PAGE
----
Recovering Apollo 11’s Engines from the Atlantic

This week, founder and CEO Jeff Bezos announced a bold plan: to recover at least one of Apollo 11’s engines from the bottom of the Atlantic. The engines sunk to the briny deep after the Saturn V’s spent first stage jettisoned a little less than three minutes after launch on July 16, 1969. Bezos’ team of underwater experts armed with state-of-the-art sonar technology have located the engines, and he hopes to donate the recovered hardware to the Museum of Flight in Seattle. But NASA still owns the engines, and the agency gets to decide what happens to this piece of history, which may not even be form Apollo 11 at all.  It’s an interesting proposal, and however Bezos’ plan for recovery unfolds, its sure to be interesting (particularly to historians). Check out my full article on Motherboard. (Left, Apollo 11 shortly after launch. The first stage’s five F-1 engines are responsible for the fiery trail the Saturn V is leaving across the sky. 1969.)


4 thoughts on “Recovering Apollo 11’s Engines from the Atlantic

  1. This should say that NASA *claims* to still own the engines. Last I checked, NASA staff don’t have the final say on how maritime salvage law works.

  2. The fact that the press releases all say “Apollo 11 engines”, rather than “Apollo engines”, suggests to me that someone somewhere in the mix cares about the distinction. Whether it’s Bezos himself, of course I can’t say.

  3. No one not in the know would have been interested if the news said “Saturn V engines”, so they made it “Apollo engines”. But to me it sounds a bit weird.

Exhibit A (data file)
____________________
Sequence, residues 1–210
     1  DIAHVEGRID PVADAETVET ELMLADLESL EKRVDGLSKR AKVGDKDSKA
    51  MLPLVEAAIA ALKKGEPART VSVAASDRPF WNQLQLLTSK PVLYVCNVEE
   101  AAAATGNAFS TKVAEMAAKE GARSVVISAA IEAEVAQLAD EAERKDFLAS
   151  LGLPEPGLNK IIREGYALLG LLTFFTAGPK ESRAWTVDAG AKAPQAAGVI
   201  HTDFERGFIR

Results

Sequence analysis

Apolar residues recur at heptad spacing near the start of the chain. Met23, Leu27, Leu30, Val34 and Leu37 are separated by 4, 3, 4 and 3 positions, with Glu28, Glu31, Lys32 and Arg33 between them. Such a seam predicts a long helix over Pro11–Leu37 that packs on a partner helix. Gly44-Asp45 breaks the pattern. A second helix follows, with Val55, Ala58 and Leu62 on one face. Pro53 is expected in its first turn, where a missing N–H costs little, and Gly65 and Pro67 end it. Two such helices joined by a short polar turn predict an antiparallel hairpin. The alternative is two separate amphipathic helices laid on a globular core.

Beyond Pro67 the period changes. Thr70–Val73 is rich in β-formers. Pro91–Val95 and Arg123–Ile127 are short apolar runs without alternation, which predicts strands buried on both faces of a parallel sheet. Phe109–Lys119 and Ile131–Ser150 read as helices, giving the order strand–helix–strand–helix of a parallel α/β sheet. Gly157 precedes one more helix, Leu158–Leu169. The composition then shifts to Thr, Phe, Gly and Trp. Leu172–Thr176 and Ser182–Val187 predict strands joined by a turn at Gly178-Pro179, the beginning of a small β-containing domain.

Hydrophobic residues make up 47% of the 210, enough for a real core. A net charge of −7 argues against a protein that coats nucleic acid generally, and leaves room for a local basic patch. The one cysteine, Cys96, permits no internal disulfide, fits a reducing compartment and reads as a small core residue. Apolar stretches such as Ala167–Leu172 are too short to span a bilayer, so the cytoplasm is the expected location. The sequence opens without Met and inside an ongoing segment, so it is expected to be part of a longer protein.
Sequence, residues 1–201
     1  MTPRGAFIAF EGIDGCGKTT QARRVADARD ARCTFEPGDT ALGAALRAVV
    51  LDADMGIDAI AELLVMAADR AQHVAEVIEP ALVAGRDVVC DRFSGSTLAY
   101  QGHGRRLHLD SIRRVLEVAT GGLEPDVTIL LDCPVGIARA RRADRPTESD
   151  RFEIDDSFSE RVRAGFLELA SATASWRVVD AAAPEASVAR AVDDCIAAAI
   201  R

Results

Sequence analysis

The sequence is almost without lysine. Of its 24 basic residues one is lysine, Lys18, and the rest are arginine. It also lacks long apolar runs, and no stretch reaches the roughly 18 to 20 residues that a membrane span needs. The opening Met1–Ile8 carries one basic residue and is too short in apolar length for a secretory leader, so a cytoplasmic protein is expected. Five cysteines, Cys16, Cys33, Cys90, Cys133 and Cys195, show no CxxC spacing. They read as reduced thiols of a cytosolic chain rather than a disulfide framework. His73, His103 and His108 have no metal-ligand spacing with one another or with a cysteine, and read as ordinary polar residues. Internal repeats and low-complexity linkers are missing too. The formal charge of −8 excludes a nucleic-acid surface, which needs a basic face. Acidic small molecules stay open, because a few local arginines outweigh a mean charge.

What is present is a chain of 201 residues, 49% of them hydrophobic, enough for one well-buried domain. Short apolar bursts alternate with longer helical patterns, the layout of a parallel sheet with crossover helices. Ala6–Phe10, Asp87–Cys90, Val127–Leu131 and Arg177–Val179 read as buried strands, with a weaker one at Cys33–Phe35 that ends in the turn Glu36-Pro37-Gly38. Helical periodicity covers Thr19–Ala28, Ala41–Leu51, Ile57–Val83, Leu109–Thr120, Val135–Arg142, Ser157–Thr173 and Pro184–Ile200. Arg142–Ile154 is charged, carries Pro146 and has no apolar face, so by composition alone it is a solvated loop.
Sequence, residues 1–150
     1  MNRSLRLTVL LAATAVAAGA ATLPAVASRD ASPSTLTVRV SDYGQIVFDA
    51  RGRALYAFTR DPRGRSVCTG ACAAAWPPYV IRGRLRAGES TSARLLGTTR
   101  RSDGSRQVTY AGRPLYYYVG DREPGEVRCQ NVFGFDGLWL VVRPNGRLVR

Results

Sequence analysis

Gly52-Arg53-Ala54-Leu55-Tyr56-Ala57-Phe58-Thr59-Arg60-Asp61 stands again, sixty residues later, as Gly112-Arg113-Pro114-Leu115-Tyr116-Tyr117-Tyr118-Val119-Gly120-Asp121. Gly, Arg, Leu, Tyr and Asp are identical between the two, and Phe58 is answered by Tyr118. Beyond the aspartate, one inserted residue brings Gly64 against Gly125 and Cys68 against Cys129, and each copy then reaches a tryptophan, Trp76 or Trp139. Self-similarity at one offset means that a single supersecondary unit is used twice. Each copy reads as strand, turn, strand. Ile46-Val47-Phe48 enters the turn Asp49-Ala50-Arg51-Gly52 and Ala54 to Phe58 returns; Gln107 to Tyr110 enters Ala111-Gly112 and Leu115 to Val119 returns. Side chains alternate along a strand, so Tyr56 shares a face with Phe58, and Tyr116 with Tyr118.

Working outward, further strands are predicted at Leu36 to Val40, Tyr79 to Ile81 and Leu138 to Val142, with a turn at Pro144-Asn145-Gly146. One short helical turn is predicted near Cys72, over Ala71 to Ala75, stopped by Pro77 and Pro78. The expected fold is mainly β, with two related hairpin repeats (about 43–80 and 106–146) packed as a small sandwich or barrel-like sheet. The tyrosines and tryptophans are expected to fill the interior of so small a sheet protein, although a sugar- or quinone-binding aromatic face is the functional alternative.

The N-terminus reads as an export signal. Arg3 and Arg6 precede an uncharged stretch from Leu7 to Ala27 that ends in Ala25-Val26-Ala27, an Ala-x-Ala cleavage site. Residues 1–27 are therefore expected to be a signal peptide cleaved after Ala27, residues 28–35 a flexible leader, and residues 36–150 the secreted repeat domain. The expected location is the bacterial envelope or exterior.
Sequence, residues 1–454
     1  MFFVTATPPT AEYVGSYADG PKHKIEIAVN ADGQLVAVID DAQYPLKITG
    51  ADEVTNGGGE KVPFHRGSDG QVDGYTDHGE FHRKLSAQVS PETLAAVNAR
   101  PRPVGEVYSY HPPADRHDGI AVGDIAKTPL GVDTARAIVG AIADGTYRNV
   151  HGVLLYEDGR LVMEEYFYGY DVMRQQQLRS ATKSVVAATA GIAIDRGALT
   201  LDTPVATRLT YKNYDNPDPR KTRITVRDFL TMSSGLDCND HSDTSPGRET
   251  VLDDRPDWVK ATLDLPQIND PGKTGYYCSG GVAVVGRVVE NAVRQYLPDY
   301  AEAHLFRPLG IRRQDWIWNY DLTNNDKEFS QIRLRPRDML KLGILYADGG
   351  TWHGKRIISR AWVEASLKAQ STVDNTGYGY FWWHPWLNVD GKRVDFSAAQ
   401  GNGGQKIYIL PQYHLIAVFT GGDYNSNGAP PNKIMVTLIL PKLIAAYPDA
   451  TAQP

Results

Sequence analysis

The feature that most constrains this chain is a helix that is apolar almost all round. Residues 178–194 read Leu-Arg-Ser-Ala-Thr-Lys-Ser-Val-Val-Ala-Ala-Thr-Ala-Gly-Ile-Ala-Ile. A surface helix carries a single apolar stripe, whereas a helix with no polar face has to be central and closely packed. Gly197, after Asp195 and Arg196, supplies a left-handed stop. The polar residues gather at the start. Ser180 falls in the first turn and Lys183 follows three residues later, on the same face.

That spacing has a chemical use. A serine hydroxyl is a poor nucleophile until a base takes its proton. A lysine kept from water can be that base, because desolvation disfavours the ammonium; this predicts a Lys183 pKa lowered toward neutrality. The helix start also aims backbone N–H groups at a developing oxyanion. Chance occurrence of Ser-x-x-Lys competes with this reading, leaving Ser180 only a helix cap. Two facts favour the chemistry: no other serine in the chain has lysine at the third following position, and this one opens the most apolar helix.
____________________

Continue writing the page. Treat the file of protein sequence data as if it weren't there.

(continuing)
Wouldn’t it be great though, if not just that one engine was raised, but the whole buckled and bent first stage? There must be ways of doing that. Hire some crane vessels. Pump it full of air and lift it. Even if the hull is ripped open, insert a big balloon and inflate it. A used and weathered, twisted and wrinkled S1C stage would look great in NASM. Or whichever air and space museum.
    (One could perhaps even see it as a symbol for NASA, once the vanguard of exploration, now getting less and less funding from the government…)

  4. Amy, I believe you probably meant to write “Together, they generated 7.5 million pounds of thrust”, not 1.5 million. The mighty F-1 engines produces 1.5 million lbs thrust EACH.

    Regardless of a minor proofreading error, I enjoy your columns. Keep up the good work.

    – John (the nitpicker)

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